Spring tulips

Tulips have some of the most amazing colors and magnificent features. However, sometimes changing them to black and white offers you the chance to showcase their features without their colors stealing the show. This photo was taken of red and yellow tulips sitting side by side. I wanted to created a really interesting profile so I rested on my stomach and tilted my camera up towards the sky and tried not to get as much of the flowers in the frame without having any distortion. The sun was at a perfect angle, which was at about a 90 degree angle and the light was coming through the flowers as well as their stems. There were no clouds in the sky which allowed me to perfectly cast the tulips as though they were floating in mid air. I was using my Canon T1i and attached my Tokina 12-24mm wide angle lens. I was trying to get the most panoramic photo as possible as well as create a large field of view so I set the focal length at 14mm so there wouldn’t be any of the flowers out of focus. I set the ISO at 100 and kept the white balance at 0 due to the high glare and overexposure of the sky. I had the camera in Program/Normal mode so the aperture was set at F-6.4 and the shutter speed at 1/100 second. I attached my warming and CIR-PL filter and I wasn’t using a tripod since the camera was only a few inches from the ground.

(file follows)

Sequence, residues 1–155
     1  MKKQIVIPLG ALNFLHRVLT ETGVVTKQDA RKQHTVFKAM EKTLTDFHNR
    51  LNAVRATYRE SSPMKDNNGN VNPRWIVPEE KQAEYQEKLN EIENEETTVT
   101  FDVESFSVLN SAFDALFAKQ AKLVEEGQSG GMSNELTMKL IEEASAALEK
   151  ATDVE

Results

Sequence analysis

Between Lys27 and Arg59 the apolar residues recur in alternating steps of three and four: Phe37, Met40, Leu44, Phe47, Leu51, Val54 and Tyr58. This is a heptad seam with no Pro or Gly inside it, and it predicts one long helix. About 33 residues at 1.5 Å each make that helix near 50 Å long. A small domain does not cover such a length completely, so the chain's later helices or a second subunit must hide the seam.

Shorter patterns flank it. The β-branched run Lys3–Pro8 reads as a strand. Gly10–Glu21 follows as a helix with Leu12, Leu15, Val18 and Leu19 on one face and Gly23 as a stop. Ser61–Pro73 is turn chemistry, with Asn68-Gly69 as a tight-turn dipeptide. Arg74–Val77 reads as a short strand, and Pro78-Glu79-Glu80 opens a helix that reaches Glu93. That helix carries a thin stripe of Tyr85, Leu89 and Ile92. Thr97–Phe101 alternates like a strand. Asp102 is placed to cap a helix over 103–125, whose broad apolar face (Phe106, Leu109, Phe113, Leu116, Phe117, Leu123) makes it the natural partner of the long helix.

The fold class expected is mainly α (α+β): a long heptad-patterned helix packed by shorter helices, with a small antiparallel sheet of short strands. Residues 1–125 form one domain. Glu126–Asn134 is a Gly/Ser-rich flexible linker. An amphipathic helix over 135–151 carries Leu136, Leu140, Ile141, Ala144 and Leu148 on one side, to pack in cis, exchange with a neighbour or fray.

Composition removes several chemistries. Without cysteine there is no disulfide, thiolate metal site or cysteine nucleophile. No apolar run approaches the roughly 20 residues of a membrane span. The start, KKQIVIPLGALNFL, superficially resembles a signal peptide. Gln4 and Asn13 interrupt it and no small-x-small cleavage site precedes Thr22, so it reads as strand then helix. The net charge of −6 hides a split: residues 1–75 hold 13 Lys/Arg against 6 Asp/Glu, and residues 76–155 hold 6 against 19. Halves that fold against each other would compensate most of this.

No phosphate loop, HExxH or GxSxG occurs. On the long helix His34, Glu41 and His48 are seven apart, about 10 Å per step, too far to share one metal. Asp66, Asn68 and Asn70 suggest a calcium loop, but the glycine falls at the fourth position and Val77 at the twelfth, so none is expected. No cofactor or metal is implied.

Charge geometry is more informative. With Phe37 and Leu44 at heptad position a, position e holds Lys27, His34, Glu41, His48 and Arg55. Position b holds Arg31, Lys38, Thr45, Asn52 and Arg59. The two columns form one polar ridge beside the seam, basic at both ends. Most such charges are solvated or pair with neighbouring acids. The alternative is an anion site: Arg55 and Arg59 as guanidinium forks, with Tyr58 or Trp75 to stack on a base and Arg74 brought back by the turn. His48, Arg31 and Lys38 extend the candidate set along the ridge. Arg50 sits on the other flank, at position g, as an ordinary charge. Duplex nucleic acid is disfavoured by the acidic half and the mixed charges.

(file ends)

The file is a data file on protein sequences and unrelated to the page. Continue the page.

Oregon wildflower

[/caption] Springtime in the Pacific Northwest offers some of the best opportunities to view the wildflowers all along the region. I took this photo just minutes from my suburban neighborhood. I noticed hundreds of these flowers growing along the base of several massive Douglas Fir trees. They were growing like weeds but really brightened up the shady parts of the area. They only grow about a foot above the ground and offer some of the most amazing photographic opportunities.

A view of the Pacific Ocean

[/caption] The Oregon coast offers some great views of the Pacific Ocean and some even better views of the ocean swells crashing along the cliffs and rocks far below. There are hundreds of hidden trails all along the Pacific Northwest that take you to the edge of North America. This is where you can witness the massive waves coming to a rest on the jagged and twisted rocks that border the water. While you photograph the scenic views along the ocean you can also watch the seabirds fly, rest or even swim all around you or you can investigate some of the wildflowers that grow along the trails or the cliffs.